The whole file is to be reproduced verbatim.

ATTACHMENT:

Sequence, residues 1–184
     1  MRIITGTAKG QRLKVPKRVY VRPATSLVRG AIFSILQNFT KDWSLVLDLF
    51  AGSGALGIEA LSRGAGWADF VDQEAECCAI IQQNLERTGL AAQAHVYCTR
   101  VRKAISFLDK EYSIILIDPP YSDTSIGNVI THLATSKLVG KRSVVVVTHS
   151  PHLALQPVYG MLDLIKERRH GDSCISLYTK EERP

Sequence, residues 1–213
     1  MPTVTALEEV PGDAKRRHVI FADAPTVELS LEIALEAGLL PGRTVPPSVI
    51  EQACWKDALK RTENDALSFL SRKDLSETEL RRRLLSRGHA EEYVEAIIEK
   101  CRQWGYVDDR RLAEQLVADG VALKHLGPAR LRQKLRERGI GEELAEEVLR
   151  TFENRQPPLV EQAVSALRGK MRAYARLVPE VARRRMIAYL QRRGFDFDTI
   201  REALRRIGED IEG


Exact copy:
Sequence, residues 1–184
     1  MRIITGTAKG QRLKVPKRVY VRPATSLVRG AIFSILQNFT KDWSLVLDLF
    51  AGSGALGIEA LSRGAGWADF VDQEAECCAI IQQNLERTGL AAQAHVYCTR
   101  VRKAISFLDK EYSIILIDPP YSDTSIGNVI THLATSKLVG KRSVVVVTHS
   151  PHLALQPVYG MLDLIKERRH GDSCISLYTK EERP

Sequence, residues 1–213
     1  MPTVTALEEV PGDAKRRHVI FADAPTVELS LEIALEAGLL PGRTVPPSVI
    51  EQACWKDALK RTENDALSFL SRKDLSETEL RRRLLSRGHA EEYVEAIIEK
   101  CRQWGYVDDR RLAEQLVADG VALKHLGPAR LRQKLRERGI GEELAEEVLR
   151  TFENRQPPLV EQAVSALRGK MRAYARLVPE VARRRMIAYL QRRGFDFDTI
   201  REALRRIGED IEG